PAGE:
Google offers to settle EU antitrust probe

BRUSSELS Mon Jul 2, 2012 1:46pm EDT

Attendees sits in front of a Google logo during Google I/O Conference at Moscone Center in San Francisco, California June 28, 2012. REUTERS/Stephen Lam

Attendees sits in front of a Google logo during Google I/O Conference at Moscone Center in San Francisco, California June 28, 2012.

Credit: Reuters/Stephen Lam

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BRUSSELS (Reuters) - Google has offered to settle antitrust charges following an ultimatum by EU regulators investigating its business practices, in a move that could stave off a hefty fine.

EU Competition Commissioner Joaquin Almunia set an early July deadline for the world's most popular search engine to resolve the concerns of more than a dozen rivals, including Microsoft, or face formal charges.

"We have made a proposal to address the four areas the European Commission described as potential concerns. We continue to work cooperatively with the Commission," Google spokesman Al Verney said in a statement on Monday.

He declined to provide details.

Almunia's spokesman Antoine Colombani confirmed that the EU watchdog received a letter from Google's executive chairman, Eric Schmidt, on Monday in reply to Almunia. He gave no details.

Almunia in May identified four areas of concerns related to Google's business practices following an 18-month long investigation.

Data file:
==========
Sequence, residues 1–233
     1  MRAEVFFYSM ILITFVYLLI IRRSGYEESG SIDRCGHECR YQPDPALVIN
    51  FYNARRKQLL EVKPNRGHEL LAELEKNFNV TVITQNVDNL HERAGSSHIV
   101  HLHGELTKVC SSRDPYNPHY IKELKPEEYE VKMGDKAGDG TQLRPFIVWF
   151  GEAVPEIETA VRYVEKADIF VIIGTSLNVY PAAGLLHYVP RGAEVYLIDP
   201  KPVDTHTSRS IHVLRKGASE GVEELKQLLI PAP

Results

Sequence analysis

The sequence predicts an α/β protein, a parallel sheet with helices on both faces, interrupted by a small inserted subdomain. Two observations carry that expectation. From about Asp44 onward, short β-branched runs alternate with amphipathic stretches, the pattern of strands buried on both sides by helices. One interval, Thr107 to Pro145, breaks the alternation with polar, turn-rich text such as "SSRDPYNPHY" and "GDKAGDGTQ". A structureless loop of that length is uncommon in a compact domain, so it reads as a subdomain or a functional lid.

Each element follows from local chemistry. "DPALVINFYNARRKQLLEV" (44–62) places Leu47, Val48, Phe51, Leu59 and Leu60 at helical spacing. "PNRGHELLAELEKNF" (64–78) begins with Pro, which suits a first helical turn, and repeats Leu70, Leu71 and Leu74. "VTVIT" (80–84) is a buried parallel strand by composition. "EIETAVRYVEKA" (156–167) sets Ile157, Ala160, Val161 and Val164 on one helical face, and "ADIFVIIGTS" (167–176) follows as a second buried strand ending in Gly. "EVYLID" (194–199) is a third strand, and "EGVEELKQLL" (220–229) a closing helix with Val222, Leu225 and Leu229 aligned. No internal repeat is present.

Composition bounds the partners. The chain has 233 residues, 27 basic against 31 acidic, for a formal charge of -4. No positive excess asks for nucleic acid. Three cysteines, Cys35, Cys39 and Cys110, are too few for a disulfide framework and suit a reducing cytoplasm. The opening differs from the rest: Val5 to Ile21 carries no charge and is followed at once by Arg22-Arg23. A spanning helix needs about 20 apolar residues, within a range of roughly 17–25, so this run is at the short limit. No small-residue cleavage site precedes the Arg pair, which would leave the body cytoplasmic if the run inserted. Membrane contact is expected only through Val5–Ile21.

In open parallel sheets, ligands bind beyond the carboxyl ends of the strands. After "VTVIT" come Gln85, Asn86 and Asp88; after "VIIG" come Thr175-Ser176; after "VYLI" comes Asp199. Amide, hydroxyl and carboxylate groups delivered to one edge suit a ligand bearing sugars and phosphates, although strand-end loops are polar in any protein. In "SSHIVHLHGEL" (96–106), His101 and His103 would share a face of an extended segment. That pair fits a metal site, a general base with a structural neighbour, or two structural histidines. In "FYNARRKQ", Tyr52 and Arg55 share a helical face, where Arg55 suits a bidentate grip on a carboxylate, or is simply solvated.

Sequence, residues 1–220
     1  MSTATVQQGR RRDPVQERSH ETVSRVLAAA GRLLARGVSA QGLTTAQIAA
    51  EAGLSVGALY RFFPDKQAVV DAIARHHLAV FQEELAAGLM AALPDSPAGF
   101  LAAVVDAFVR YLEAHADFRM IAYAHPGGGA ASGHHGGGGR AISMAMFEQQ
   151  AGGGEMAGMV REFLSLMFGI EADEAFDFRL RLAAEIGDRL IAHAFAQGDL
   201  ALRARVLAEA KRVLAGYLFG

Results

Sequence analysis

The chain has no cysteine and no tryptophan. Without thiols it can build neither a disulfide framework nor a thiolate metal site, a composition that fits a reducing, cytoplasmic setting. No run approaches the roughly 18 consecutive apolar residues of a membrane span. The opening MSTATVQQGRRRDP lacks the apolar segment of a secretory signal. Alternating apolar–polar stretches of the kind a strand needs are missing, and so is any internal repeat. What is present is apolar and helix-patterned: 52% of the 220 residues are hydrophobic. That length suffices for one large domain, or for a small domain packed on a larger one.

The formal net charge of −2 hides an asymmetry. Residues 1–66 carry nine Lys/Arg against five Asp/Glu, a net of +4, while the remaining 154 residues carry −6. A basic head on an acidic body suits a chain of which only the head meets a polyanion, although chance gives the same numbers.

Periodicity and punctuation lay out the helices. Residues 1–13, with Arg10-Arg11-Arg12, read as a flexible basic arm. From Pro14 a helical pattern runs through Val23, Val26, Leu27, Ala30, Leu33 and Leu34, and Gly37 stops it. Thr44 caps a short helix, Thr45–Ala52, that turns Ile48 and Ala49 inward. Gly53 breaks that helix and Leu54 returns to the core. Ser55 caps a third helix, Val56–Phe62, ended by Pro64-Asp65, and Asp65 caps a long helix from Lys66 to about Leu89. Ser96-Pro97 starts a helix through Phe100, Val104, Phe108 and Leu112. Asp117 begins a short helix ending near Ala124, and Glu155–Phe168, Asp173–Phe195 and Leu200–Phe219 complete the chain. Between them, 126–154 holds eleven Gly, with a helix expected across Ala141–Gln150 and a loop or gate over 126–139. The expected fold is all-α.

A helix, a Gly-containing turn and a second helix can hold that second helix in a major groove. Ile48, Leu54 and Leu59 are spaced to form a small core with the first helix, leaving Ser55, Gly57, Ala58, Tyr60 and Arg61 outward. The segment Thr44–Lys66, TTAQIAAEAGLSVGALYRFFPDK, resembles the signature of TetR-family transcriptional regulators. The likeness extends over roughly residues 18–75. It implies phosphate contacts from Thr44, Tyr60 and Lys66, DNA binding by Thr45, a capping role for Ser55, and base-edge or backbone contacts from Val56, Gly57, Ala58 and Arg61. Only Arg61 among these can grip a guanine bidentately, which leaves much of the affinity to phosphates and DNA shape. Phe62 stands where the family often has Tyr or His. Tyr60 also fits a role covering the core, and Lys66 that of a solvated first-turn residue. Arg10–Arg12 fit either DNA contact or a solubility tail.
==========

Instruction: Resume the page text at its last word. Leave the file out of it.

He said Google may have favoured its own search services over those of rivals and may have copied travel and restaurant reviews from competing sites without their permission.

He also said the company's advertising deals with websites may have blocked rivals while its contractual restrictions may prevent advertisers from moving their online campaigns to rival search engines.

The FairSearch coalition, whose members include online travel agencies and Google complainants Expedia and TripAdvisor, said it hoped Google's proposals would address the issues.

"We hope the proposals reflect a greater willingness to end Google's anti-competitive behavior than has its consistent rejection of the concerns that Almunia identified after collecting evidence for nearly two years," FairSearch's lawyer Thomas Vinje said in a statement.

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